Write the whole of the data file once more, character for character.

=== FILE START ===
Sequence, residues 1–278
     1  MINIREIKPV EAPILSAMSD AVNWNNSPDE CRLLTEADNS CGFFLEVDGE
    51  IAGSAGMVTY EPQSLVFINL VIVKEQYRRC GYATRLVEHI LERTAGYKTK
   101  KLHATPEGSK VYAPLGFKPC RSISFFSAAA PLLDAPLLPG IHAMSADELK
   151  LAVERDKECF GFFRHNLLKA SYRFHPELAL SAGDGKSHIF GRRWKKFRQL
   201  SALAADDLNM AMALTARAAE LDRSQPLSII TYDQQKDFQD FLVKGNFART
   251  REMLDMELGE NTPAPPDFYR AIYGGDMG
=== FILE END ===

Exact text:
Sequence, residues 1–278
     1  MINIREIKPV EAPILSAMSD AVNWNNSPDE CRLLTEADNS CGFFLEVDGE
    51  IAGSAGMVTY EPQSLVFINL VIVKEQYRRC GYATRLVEHI LERTAGYKTK
   101  KLHATPEGSK VYAPLGFKPC RSISFFSAAA PLLDAPLLPG IHAMSADELK
   151  LAVERDKECF GFFRHNLLKA SYRFHPELAL SAGDGKSHIF GRRWKKFRQL
   201  SALAADDLNM AMALTARAAE LDRSQPLSII TYDQQKDFQD FLVKGNFART
   251  REMLDMELGE NTPAPPDFYR AIYGGDMG